"I have absolutely no anger, no regrets for anything that's happened," Brown said in the press conference announcing his resignation. "I told the staff and the coaches, 'You've got to win more than eight games at Texas.' We're the ones that screwed it up."

"We won nine the first year and got a parade. That's what's changed over 16 years and that's okay. The standard is set really high here and I'm darn proud we were part of that standard."

Brown is right about the standard at Texas. The next coach brought in will not be expected to just keep the team competitive. Thanks to Brown, the Longhorns are one of the few teams in the country for which nine wins and a bowl game is seen as a failed season.

"I think you have to be good with the press, you have to be able to recruit, you have to be able to understand what a big time college football program is about," Texas Athletic Director Steve Patterson said of what he wants from his next head coach. You're going to be under a lot of scrutiny. You've got to win and you've got to win big."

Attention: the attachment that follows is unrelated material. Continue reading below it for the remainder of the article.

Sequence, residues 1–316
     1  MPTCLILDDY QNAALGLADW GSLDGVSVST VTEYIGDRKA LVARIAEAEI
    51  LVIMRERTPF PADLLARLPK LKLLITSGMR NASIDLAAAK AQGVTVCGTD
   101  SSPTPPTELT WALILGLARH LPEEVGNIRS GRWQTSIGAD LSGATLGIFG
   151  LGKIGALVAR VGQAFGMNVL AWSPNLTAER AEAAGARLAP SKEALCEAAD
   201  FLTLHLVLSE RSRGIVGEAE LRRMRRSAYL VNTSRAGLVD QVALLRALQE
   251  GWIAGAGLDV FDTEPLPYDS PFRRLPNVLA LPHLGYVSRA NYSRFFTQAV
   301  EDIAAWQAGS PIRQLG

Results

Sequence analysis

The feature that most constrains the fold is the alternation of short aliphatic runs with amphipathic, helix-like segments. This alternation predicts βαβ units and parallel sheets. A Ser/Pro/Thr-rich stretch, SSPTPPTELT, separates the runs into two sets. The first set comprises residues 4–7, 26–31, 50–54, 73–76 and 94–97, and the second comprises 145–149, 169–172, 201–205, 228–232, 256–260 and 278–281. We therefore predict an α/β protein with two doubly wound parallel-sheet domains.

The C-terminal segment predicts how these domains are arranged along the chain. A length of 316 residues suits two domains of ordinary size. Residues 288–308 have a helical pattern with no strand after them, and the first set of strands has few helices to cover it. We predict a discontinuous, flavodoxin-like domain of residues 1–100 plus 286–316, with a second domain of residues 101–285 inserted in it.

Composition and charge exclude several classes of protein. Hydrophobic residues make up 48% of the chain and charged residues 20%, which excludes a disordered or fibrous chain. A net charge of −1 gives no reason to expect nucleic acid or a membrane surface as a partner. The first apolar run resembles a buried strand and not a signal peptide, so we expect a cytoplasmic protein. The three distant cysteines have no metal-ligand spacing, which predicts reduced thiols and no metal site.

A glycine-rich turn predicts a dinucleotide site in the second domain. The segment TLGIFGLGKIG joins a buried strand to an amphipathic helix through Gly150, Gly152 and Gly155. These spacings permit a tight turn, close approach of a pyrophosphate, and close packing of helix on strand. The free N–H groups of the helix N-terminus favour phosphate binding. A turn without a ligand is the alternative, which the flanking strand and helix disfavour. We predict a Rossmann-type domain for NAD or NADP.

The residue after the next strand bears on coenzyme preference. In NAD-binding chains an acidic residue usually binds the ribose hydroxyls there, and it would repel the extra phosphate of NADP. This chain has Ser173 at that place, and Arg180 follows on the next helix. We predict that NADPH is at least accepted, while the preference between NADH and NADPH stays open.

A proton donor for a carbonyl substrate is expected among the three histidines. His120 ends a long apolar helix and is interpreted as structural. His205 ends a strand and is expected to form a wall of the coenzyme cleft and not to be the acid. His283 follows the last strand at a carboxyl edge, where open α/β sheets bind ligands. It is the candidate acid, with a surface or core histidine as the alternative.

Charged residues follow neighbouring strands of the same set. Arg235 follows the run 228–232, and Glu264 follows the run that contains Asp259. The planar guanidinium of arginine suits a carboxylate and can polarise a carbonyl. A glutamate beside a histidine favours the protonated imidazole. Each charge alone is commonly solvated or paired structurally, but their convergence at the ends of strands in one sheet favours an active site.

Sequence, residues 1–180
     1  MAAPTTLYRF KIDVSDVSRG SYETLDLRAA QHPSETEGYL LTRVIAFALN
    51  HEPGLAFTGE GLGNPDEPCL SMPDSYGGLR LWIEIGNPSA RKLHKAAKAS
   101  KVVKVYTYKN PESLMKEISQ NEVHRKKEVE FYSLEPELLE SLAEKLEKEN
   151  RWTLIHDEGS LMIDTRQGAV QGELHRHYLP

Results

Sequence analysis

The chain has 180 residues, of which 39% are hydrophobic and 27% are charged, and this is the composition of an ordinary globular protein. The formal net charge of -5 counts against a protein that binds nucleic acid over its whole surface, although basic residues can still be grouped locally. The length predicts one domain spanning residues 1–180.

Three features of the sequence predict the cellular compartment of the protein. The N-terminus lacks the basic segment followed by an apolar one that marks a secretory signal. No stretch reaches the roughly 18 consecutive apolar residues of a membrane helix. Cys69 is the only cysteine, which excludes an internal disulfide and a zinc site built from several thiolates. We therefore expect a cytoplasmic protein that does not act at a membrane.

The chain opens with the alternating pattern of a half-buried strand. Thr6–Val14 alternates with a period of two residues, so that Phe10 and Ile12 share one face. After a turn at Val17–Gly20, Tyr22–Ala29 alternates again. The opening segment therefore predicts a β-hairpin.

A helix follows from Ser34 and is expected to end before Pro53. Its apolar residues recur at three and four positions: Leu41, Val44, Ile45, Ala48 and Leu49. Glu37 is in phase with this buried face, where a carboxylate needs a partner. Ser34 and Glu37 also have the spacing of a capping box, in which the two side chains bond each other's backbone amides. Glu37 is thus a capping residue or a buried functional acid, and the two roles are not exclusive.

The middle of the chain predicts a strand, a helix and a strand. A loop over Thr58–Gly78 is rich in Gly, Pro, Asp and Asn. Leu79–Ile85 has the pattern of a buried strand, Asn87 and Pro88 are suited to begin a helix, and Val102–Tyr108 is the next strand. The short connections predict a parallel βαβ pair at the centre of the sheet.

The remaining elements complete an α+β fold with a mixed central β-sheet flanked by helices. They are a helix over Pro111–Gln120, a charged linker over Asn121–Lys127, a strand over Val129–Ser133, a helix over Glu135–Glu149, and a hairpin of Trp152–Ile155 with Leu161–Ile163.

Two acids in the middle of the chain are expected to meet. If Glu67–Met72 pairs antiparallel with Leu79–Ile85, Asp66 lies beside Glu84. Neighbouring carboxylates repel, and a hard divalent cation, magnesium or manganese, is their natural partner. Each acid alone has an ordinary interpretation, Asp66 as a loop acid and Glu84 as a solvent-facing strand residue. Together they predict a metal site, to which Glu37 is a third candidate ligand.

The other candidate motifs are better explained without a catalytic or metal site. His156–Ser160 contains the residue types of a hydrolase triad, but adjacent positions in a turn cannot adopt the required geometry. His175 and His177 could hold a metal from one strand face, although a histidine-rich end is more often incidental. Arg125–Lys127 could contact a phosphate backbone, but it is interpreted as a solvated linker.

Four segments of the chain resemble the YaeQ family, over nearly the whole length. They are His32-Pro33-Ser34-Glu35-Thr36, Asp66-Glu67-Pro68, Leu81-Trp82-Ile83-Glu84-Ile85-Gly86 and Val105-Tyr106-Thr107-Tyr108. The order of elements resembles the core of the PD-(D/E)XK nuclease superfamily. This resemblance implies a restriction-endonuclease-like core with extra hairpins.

As of now Patterson is sticking to the company line regarding who and what Texas is looking for in its next coach. However, that hasn't and won't stop speculation. For every rumor that leaked about Brown stepping down it seemed 10 more popped up about who will replace him.

The biggest and most prominent narrative was that the Longhorns would use their immense resources to lure Saban away from Alabama. With that option out the window, there is no real frontrunner. That doesn't mean there is not a cavalcade of intriguing options, even if some of those options are just tossed around to boost ratings.